It is about 35' by 40'. It occupies
the entire postage stamp yard.
How do you mow the
Look carefully. There is no grass at all. There is no way to mow
it if we had it. So it is intentional that there is absolutely
What do you do about the weather?
Drive the trains into the garage!This
is probably the most important feature of this railroad. All
three of the independent loops connect together so that every train can either
go over the stone viaduct, or one of the wooden bridges via a wye into a five
track yard in the garage. This yard runs the length of the three car
garage. It can store seven trains. The yard is plexiglass encased
with lids, lit by flourescent lighting, under storage shelves - which, among
other things, hold the birdhouses for our garden railroad. The track,
which obviously stays outside, endures the weather fine. Cementing of
the track and subroadbed (cement is the second most important feature) helps
the track deal with the shifting dirt and forces of expansion and contraction. As
long as nature hasn't done a serious number on rail gauging, a quick wipe of
the track is all that is required and trains can be running in minutes.
The trains are
pulled into a 5 track yard under shelving in the garage. The
plexiglass-encased yard helps keep dust off the train trains
as well as afford protection from
something being dropped from the above shelves - which obviously
store the birdhouses for the railroad as well as the usual
What scale is this?
It's common name is G-scale and is a ratio of
1:22.5. It is not completely standardized so some of our equipment
is 1:20.3 or 1:29. Some of the people and vehicles are a standard
dollhouse size of 1:24. Close enough! The spacing between the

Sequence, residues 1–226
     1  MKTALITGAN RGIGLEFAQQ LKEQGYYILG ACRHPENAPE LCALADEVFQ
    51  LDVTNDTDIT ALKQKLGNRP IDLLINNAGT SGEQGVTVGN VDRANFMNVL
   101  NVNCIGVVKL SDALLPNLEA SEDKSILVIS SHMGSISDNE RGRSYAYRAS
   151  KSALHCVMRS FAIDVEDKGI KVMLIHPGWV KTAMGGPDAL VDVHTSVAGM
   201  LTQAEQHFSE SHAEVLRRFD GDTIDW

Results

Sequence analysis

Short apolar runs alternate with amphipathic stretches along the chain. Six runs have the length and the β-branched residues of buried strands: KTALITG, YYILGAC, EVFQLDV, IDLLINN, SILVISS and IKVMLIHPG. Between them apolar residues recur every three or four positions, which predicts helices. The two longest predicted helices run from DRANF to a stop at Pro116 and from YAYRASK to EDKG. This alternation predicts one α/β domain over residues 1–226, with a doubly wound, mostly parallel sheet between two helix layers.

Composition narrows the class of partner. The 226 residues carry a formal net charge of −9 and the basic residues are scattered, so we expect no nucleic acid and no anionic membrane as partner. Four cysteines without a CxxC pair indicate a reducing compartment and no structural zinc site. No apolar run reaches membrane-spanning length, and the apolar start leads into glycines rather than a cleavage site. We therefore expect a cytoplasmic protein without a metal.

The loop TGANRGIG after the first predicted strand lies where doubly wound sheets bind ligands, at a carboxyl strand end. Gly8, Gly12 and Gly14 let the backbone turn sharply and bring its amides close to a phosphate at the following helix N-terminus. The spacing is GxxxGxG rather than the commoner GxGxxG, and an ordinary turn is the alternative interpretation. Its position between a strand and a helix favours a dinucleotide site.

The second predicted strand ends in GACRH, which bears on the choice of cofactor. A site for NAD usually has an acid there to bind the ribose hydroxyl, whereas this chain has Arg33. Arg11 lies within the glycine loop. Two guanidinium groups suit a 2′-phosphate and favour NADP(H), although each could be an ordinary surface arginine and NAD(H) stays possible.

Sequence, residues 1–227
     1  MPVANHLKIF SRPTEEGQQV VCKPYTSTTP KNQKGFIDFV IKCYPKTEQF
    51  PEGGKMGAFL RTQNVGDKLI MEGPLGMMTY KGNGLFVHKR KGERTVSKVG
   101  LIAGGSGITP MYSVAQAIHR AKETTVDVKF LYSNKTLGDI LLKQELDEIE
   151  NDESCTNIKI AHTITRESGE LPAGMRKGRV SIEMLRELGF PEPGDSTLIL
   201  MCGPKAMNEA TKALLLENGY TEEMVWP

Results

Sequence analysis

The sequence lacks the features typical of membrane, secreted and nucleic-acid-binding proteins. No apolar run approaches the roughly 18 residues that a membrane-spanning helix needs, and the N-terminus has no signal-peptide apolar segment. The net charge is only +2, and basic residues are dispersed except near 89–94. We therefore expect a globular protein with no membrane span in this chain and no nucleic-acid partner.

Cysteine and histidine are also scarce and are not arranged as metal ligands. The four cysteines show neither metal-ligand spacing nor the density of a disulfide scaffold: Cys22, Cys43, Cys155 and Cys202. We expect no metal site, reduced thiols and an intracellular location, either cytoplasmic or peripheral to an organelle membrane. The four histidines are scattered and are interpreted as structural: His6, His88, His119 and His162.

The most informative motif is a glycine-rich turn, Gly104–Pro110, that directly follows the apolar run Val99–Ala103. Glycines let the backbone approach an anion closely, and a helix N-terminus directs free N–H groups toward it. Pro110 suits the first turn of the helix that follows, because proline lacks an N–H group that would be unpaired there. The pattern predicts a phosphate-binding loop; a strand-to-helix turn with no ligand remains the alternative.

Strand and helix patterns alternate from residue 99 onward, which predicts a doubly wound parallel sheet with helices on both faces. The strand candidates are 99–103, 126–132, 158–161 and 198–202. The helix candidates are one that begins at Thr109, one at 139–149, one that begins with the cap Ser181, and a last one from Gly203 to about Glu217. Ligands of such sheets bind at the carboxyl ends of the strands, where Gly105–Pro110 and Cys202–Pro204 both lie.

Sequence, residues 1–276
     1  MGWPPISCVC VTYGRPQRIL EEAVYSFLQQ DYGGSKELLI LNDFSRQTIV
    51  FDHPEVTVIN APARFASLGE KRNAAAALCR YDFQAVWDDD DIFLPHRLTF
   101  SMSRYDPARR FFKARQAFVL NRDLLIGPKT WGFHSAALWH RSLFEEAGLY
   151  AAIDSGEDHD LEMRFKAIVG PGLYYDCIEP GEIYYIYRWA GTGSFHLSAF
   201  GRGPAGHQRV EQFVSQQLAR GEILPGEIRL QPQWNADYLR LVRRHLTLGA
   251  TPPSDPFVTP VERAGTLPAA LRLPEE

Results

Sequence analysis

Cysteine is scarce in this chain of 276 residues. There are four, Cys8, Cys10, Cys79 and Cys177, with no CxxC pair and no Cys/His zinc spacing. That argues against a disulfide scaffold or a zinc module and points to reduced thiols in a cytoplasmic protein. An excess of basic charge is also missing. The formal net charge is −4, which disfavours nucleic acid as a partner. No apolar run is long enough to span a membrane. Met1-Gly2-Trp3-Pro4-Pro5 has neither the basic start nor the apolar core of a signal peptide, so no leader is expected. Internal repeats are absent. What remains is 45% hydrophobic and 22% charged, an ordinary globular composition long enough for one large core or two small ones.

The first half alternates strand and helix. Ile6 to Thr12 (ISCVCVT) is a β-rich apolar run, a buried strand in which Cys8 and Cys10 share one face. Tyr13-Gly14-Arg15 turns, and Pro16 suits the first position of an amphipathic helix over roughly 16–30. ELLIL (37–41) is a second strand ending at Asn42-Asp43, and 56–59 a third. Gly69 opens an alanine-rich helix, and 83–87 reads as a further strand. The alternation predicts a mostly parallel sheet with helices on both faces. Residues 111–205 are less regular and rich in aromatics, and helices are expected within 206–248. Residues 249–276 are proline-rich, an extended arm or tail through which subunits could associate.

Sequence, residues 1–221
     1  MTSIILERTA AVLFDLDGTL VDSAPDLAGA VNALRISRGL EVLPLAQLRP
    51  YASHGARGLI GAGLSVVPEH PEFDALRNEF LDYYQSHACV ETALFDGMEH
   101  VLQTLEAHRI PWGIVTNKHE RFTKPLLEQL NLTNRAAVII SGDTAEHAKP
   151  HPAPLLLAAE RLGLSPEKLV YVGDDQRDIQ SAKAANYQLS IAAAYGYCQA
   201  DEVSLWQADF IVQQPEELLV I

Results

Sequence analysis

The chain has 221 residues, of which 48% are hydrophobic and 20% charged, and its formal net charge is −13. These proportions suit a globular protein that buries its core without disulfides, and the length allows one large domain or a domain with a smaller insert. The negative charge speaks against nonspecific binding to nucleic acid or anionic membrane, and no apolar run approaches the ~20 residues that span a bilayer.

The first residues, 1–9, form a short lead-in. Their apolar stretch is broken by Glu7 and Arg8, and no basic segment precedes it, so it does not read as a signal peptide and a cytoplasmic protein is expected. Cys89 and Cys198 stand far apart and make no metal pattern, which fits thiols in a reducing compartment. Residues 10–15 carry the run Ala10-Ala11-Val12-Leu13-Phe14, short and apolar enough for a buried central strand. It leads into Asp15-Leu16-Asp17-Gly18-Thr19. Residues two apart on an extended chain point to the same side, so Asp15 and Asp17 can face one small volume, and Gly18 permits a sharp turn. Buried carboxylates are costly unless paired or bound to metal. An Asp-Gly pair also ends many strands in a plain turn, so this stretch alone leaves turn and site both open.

rails is 1-7/8"
How did you get all the
dirt and rock get here?
All the dirt and rock was moved by 10 cu. ft. wheel barrow. In
most cases, it was all moved from the driveway. Some of it, the truck was backed
up to the gate so we didn't have as far to go. Neither side yard was big enough
to get a Bobcat through. When moving the material from the driveway, about
a ton per hour could be moved.
How did I get interested in trains?
What else is a kid to do?
How are the trains controlled? Are they battery
Some garden railroads use battery power. Due to the cost, weight, short running
time of batteries, as well as the quality of sound systems that require a connection
to the track, battery power is not used on the F-W.
The vast majority of the locomotives on the F&W use DCC - Digital Command Control; primarily for the sophisticated
sound systems available for it. The track has a constant 18V of AC on it to power the trains.
||This viaduct was originally
to be a simple wooden bridge. But when huge ugly green
things, generally called "horse
apples" started falling from the trees in the fall, I decided
to instead to build a steel reinforced concrete bridge clad
in stone to withstand being pelted by these inedible "fruits."
Needless to say, the name of this viaduct is "Horse Apple Viaduct"
here to see a horse apple blocking a Mogal